Sunday, November 20, 2011

Brined Pork Chop Dinner

Thanksgiving is around the corner and i have been so caught up with whatever??????? and you would not believe me when i tell you that i have not even bought 'The Turkey' - a must have for Thanksgiving.  Renee and Alexander are very optimistic that they might win a turkey AGAIN this year in their school Turkey Pokey.  They confidently told me the other day when i mentioned that i have not bought the turkey yet - they said - Popo don't buy, we MIGHT come home with one from the school's Turkey Trot.  I was so happy that they showed so much enthusiasm, i love all three of my grandchildren as they are such good kids - The chinese saying or rather my saying - "Ah po has no naughty grandchildren until they lau kei".  So, for all those people who have not bought the turkey, please do so today cos these frozen birds take awhile to thaw and the clock is ticking fast to Thanksgiving Day.  In the meantime, we all still have to dine and since the mind has been refreshed to BRINING,  i would like to share a BRINED PORK CHOP dinner which has never failed to please every member of the family including yours truly.  I have never cooked pork chops without brining since i learned how to and you too can learn about it from HERE

The recipe i am sharing is from Alton Brown,  the  regular recipe stated 1 cup salt but I cut it down to 3/4 cup you could even reduce the salt down to 1/2 cup but go ahead and use the 1 cup if you wish, remember kosher salt ONLY or you will not be able to eat the chops, and only brine the pork for 2 hours, NO MORE than that! If you HAVE to use table salt, use half of 3/4 cups.You can use less than 5 large thick-cut pork chops or you might be able to fit more pork chops than five, just make certain that the meat is completely covered with the brine.

BTW, when The Turkey is bought and thawed, learn how to BRINE it from HERE


5 thick loin-end pork chops (there are 5 in our family)
Oil for browning.


3/4 cup kosher salt
1 cup brown sugar
1 tablespoon black peppercorns
1 tablespoon mustard powder ( do not use prepared mustard!)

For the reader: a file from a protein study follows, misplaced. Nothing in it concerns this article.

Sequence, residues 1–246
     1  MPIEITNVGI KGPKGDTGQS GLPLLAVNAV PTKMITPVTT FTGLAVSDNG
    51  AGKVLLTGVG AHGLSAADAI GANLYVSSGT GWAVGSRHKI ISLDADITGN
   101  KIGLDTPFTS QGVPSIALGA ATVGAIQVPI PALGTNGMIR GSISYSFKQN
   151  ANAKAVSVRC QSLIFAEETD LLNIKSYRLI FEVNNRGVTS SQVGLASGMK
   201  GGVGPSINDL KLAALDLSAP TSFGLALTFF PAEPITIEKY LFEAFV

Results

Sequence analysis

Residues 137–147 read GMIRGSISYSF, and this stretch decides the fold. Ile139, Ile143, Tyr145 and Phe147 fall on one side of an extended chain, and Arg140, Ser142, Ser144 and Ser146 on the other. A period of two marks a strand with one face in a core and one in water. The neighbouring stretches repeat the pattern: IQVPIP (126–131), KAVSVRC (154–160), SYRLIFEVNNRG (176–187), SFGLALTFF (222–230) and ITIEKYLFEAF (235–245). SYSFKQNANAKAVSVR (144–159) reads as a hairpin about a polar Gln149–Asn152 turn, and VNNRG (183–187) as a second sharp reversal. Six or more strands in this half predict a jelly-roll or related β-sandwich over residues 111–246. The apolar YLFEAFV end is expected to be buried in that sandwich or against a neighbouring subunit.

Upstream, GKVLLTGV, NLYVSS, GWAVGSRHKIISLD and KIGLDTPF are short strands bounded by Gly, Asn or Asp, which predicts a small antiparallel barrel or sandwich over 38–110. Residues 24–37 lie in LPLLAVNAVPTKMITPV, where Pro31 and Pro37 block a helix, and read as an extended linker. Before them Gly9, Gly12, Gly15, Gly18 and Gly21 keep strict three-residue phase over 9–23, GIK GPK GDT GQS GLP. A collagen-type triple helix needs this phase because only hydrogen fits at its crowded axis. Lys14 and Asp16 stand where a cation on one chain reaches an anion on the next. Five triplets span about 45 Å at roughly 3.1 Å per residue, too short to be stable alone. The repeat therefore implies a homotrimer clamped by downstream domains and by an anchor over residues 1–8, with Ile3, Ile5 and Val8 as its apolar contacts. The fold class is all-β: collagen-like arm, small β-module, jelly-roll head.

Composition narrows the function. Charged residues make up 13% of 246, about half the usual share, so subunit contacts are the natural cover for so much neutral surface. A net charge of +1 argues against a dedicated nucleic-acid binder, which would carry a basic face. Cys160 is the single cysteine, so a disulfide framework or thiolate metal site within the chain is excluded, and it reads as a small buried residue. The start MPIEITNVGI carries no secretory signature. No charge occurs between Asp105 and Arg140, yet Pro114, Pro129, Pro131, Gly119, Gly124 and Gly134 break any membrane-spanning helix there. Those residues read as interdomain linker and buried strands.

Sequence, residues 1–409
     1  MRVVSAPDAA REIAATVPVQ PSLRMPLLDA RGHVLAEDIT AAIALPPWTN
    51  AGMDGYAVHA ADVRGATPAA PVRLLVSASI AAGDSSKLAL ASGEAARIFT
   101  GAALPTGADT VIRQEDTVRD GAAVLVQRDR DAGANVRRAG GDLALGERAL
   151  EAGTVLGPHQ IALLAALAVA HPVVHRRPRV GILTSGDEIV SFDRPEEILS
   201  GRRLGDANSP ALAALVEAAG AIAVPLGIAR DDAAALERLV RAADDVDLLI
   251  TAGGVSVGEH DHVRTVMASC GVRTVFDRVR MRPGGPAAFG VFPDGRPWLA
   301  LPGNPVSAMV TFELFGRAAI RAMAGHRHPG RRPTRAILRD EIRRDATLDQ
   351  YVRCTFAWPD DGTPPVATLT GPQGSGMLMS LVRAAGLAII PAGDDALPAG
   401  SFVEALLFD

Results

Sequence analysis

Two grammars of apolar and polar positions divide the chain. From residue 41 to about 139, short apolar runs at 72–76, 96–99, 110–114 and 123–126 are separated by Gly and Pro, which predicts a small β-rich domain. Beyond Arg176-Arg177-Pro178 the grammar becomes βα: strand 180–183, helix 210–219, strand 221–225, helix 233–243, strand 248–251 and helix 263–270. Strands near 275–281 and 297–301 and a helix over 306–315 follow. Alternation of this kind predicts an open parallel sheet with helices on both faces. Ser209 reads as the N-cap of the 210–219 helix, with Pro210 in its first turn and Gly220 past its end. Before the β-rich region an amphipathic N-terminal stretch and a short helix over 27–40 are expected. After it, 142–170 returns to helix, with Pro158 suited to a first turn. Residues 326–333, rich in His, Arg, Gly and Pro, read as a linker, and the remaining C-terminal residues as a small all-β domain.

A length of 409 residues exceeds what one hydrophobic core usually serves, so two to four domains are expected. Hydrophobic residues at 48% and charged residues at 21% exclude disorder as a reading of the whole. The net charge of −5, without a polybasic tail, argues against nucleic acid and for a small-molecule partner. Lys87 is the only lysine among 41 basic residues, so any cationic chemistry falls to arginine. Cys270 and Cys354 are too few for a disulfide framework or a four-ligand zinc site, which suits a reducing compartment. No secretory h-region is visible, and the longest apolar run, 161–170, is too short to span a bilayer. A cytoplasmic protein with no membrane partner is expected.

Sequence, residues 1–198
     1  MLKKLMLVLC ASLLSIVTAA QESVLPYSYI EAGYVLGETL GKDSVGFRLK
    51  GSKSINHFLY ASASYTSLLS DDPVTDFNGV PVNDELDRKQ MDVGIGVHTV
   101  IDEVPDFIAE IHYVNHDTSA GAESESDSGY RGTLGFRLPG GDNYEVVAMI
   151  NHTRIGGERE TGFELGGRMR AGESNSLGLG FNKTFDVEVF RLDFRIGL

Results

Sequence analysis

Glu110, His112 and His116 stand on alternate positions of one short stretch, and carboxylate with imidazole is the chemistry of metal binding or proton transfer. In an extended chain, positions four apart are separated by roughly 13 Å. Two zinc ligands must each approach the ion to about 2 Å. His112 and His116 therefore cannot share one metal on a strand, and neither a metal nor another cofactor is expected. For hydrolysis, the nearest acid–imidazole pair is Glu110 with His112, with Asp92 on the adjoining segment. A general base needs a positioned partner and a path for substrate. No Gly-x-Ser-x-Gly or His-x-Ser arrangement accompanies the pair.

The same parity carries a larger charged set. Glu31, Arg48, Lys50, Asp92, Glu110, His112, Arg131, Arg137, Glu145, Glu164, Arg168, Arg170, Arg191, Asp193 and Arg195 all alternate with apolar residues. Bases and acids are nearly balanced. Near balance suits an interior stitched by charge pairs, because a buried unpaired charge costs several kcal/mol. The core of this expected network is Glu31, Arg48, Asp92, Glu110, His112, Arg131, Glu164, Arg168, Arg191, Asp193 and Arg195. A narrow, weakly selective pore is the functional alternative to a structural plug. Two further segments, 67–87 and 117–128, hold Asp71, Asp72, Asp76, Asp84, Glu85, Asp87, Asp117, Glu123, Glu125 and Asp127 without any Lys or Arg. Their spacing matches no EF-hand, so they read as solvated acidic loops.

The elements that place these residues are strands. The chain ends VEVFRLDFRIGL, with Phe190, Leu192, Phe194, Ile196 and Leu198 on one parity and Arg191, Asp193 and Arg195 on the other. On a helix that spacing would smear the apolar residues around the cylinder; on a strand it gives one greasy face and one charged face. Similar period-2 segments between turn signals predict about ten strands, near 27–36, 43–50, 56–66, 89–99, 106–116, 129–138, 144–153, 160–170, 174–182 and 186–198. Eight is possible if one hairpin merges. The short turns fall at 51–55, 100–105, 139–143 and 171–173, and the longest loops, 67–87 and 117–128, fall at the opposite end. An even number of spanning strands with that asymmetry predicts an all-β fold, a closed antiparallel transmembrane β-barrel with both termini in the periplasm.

2 cups cider vinegar ( heated until hot)
1 lb ice cubes


1 teaspoon butter
1/2 cup onion, thinly sliced
1/2 cup white wine
1 cup apple cider
1 teaspoons chicken granules


For the brine:
In a large plastic container with a lid, put in the salt, brown sugar, peppercorns and mustard powder; add in the HOT vinegar and swirl to dissolve the sugar and salt completely.

Let the mixture stand for 20 minutes at room temperature to develop flavor.

Add in the ice cubes and shake to melt most of the ice.

Add in the pork chops, making certain that the meat is completely covered with the brine.

Cover with lid and refrigerate for 2 hours (NO MORE than 2 hours!). (I have left a piece of pork chop in the brine for more than 12 hrs and it was fine, perhaps i used less salt)

Rinse the pork well under cold water before cooking.

To Pan fry the brined pork chops:

Heat a large heavy skillet over medium heat. Add oil and when oil is hot, put in 2 pork chops. Cook until lightly browned, 2 to 3 minutes per side. Transfer the chops onto a plate and continue to finish cooking the other 3 pieces of pork chops..

To make the sauce
Melt butter in the pan; add onion, stir to coat, cook, stirring often, until starting to turn translucent and brown, 2 to 3 minutes. Add wine and stir, scraping up any browned bits; cook for 1 minute. Add in cider and chicken granules, bring to a boil. Nestle the chops into the sauce, reduce heat to a simmer, cover and cook for 3 minutes. Turn the chops, cover and cook until an instant-read thermometer inserted into the center of the chops registers 145°F, 3 to 5 minutes. Transfer the chops to a warm platter and tent with foil.

Bring the sauce in the pan to a boil and cook until it is syrupy, 3 to 4 minutes. Spoon the sauce over the chops and serve.

I served the chops with potato and sweet potato fries together with Spring mix.

1 comment:

StephenC said...

I always admire someone who brines their poultry and pork. Also, thank you for the temperature at which you remove the chops from the heat. It is perfect.

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